diesel particulate emissions.<br />

While exhaust emissions from off-highway<br />

equipment are still unregulated in Australia,<br />

<strong>Cummins</strong> has developed a double-edged<br />

solution for its latest generation high<br />

horsepower engines like the QSK50<br />

and QSK60.<br />

Both are available with Selective Catalytic<br />

Reduction (SCR) exhaust aftertreatment<br />

technology for Tier 4 compliance. Even<br />

without SCR, the engines retain <strong>Cummins</strong>’<br />

advanced Tier 4 architecture which means<br />

a host of product improvements, mainly to<br />

improve combustion efficiency and thus<br />

reduce greenhouse gas emissions.<br />

Renewable diesel<br />

<strong>Cummins</strong> has also approved the use of<br />

unblended renewable diesel, including<br />

hydrotreated vegetable oil (HVO), for<br />

its entire line of high horsepower diesel<br />

engines, across all ratings. The approval<br />

applies to the QSK19, K19, QSK23, QST30,<br />

QSK38, K38, QSK45, QSK50, K50, QSK60,<br />

QSK78 and QSK95 across all industrial<br />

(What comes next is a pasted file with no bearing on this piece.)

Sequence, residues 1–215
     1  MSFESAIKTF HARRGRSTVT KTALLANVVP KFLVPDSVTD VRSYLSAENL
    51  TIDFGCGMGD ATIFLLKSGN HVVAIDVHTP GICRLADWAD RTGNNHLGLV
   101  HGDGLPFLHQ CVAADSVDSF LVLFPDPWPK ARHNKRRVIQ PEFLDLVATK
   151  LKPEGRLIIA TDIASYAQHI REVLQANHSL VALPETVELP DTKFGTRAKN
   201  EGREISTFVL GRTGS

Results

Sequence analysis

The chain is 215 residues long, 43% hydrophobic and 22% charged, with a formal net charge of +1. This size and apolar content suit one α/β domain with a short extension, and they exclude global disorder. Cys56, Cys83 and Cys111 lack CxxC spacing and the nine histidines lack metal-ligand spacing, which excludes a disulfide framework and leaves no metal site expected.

segments, such as mining, oil & gas, rail<br />

and marine.<br />

These engines can be fuelled with<br />

100% renewable diesel, or any<br />

blend of renewable and traditional<br />

diesel, with no engine<br />

modifications required.<br />

Utilising renewable<br />

diesels like HVO are<br />

shown to reduce<br />

net greenhouse<br />

gas (GHG)<br />

emission by up to<br />

90% compared<br />

to conventional<br />

diesel, dependent<br />

on the exact<br />

feedstock and fuel<br />

pathway. Renewable<br />

diesel can also reduce<br />

tailpipe emissions of<br />

particulate matter and<br />

smoke up to 50%,<br />

experience only 1-2%<br />

power loss and provide no<br />

impact to service/maintenance<br />

intervals.<br />

“As we work alongside our customers<br />

toward a carbon neutral future, bridge<br />

solutions like alternative fuels are critical<br />

in decarbonising existing equipment,” said<br />

Gary Johansen, Vice President, Power<br />